• CQC had been investigating United Lincolnshire Hospitals Trust over handling of Elaine Bradbrook’s death
  • Decision comes despite coroner’s criticism of trust’s failure to investigate

The Care Quality Commission has dropped a prosecution against United Lincolnshire Hospitals Trust for duty of candour breaches due to a lack of evidence.

Despite a coroner criticising the trust’s failure to carry out an investigation or contact the family after a patient’s death, the CQC has confirmed it will not press ahead with legal action.

The watchdog had been investigating the Lincolnshire trust, which is in special measures, over its failure to investigate the death of a patient Elaine Bradbrook, who died in April 2017.

Meanwhile, the CQC had identified in earlier inspections a number of concerns around the governance and learning from incidents, including an inconsistent approach to following duty of candour rules.

Ted Baker, the CQC’s chief inspector of hospitals, told HSJ: “CQC is unable to pursue a prosecution case against United Lincolnshire Hospitals Trust due to insufficient evidence. Should further evidence come to light, it will be reviewed and consideration given to whether the investigation needs to be reopened.

“In response to the coroners findings, we followed up directly with the trust to ensure they had taken action to meet their responsibilities in line with the duty of candour and to request evidence of the wider action being taken to strengthen duty of candour processes and mitigate future risks to patient safety.

“The trust remains in special measures and subject to close monitoring.”

Elaine Bradbrook

In August last year, coroner Heidi Connor said the care of Ms Bradbrook, who died in April 2017 after suffering a stroke, “raised serious concerns about the management at Lincolnshire”.

She said she was surprised the trust had not carried out an investigation, adding: “The trust appears not to have appreciated the significance of these issues. It has not carried out any internal investigation, nor contacted Elaine’s family in line with its duty of candour.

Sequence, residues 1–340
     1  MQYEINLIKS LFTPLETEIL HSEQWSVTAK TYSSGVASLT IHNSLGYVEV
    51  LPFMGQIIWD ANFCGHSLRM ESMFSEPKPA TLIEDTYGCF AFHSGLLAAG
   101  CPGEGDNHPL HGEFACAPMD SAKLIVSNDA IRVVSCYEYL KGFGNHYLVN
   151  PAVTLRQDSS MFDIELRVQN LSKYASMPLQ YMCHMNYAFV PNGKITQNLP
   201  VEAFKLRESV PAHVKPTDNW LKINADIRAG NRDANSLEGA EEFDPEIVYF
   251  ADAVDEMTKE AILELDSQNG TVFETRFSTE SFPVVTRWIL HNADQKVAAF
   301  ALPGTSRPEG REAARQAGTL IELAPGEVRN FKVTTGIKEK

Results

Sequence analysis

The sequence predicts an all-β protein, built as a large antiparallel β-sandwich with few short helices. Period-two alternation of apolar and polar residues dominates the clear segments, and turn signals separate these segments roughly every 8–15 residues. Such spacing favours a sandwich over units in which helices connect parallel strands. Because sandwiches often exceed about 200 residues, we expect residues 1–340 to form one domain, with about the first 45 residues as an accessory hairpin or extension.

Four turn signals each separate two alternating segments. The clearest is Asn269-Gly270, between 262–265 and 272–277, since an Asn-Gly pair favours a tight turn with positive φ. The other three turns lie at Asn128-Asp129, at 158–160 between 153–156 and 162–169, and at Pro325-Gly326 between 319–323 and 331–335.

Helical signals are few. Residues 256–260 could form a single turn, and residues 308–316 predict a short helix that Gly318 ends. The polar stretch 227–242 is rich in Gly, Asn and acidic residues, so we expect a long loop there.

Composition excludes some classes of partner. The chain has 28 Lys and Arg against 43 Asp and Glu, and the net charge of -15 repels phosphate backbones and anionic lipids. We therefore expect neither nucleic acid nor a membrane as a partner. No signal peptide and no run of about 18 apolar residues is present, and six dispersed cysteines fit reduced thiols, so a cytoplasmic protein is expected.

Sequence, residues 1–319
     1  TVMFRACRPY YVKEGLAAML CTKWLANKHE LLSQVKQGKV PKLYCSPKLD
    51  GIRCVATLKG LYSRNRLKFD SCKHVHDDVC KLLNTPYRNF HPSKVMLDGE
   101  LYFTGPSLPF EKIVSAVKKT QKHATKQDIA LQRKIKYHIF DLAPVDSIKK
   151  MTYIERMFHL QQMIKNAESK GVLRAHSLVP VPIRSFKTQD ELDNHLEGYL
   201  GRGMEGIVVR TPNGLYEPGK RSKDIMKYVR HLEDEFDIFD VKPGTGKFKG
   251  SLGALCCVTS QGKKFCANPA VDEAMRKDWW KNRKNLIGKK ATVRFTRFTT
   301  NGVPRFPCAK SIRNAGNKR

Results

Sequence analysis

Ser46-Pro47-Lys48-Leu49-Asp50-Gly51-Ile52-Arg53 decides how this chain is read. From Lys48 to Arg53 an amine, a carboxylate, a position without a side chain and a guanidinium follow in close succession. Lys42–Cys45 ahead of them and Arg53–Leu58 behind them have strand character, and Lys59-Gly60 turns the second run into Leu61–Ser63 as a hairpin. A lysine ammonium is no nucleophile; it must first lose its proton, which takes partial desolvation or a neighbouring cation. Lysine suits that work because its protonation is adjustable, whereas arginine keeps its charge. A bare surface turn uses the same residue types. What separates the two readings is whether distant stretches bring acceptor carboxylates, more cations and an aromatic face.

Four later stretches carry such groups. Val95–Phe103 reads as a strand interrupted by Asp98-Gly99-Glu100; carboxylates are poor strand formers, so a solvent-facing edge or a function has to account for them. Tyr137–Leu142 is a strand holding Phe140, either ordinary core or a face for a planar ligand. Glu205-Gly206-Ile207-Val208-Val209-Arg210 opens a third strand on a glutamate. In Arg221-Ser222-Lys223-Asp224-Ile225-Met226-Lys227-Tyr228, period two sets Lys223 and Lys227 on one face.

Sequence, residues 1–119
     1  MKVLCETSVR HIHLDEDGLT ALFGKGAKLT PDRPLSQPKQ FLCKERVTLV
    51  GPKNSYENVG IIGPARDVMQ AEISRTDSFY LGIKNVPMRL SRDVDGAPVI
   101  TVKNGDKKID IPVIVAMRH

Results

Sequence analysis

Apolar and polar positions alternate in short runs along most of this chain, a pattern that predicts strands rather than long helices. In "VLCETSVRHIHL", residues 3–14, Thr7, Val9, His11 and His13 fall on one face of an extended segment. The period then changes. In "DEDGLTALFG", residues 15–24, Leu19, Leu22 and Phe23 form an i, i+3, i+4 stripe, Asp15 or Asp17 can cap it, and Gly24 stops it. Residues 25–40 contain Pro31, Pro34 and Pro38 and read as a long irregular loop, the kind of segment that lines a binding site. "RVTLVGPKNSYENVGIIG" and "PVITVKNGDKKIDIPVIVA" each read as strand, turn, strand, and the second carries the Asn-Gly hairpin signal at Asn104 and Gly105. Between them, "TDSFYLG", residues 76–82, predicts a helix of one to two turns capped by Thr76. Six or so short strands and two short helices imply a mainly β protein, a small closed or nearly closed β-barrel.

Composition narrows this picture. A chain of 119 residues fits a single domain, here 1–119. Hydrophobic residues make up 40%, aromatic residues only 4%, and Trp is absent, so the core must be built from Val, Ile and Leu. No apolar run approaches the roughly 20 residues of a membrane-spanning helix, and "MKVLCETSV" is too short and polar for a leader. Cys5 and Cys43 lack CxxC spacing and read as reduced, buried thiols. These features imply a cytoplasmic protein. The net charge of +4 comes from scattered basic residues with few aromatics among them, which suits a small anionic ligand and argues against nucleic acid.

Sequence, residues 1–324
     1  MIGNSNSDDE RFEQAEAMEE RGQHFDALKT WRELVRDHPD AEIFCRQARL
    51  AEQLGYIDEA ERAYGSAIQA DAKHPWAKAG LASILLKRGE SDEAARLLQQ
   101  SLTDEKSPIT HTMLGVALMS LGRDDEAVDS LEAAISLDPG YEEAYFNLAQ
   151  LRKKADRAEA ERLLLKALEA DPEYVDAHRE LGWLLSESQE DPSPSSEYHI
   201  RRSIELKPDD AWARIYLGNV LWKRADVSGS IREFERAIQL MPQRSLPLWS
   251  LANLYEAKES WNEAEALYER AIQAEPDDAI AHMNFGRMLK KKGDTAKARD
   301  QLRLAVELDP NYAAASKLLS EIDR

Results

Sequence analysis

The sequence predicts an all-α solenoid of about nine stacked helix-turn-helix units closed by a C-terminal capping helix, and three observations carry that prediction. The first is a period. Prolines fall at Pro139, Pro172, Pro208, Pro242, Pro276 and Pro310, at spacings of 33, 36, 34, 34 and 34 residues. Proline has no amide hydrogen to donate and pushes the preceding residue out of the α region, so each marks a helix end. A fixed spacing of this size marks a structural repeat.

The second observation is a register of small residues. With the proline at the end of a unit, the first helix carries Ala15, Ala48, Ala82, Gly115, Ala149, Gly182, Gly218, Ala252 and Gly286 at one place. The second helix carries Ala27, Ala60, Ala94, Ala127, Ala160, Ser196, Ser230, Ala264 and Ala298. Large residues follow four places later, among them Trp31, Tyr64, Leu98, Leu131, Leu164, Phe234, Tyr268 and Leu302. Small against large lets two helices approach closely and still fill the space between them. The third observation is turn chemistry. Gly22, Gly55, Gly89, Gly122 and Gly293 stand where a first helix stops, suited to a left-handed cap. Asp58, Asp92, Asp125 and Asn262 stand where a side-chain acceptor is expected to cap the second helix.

“I am concerned that there has been no opportunity for learning within the trust, following these serious failures.”

Ms Bradbrook was admitted to the trust’s Pilgrim Hospital after a stroke, but the coroner found staff failed to properly observe her and raise the alarm when she deteriorated.

When an ambulance crew came to transfer her to Nottingham University Hospital as an emergency, the coroner said: “Elaine was handed to ambulance staff for transfer in a very deep coma, without protection of her airway, without escort, and without review by an anaesthetist or indeed any other doctor, after her deterioration on the afternoon of 22 April.”

The coroner added it was likely hospital staff knew the ambulance technician and trainee were not capable of intubating her.

Surgeons at NUH were said to be surprised by her condition when the ambulance arrived. Despite surgery, she suffered “massive brain swelling” and died on 27 April 2017.

The inquest

One Lincolnshire consultant required to give evidence booked a holiday after his summons to the inquest, but, despite rebooking the flight to the second day, asked to leave the hearing early after giving his evidence. There was then no one else present from the trust.

The coroner said: “The trust has confirmed (when we asked them) that there has been no internal investigation of these matters. The trust adduced no evidence of either an awareness of the issues arising from this inquest, nor any steps to reduce the risk for similar patients in future.”

She said it was surprising doctors had not been supported by the trust at the inquest “and that the trust has not investigated the circumstances of this case before now. The trust has a duty of candour, which appears to have been overlooked.”

United Lincolnshire medical director Neill Hepburn said: “We would like to apologise to Elaine Bradbrook’s family for the distress caused where the care we provided fell below the standard we would expect.

“We accept that some of our processes around duty of candour were not as robust as they should have been. In recent months, our performance has improved dramatically and in July 2019 our performance was 96 per cent in person and 88 per cent written.

“We take learning from incidents seriously, and our performance in terms of timeliness and quality have improved significantly in recent months. All serious incidents are reviewed and reported in a timely fashion with learning clearly identified. Reports are shared with the families if they wish.

“We also now have a medical examiner service in place and are working towards extending it to include all deaths. This means families will be contacted to explain what has happened and to raise any concerns. Our improved performance around safety has been reflected in our HMSR moving to the best quartile in the country.”

 

The Patient Safety Congress

The Patient Safety Congress, taking place on 13-14 July 2020, brings together more than 1,000 people with the shared aim of transforming patient safety. It draws together contributions from patient speakers, safety experts from healthcare and other safety critcal industries, and frontline innovators, to challenge and drive forward on patient safety. You will be part of influential conversations with those responsible for driving the new national strategy on patient safety and take away real solutions that you can adopt to improve outcomes where you work.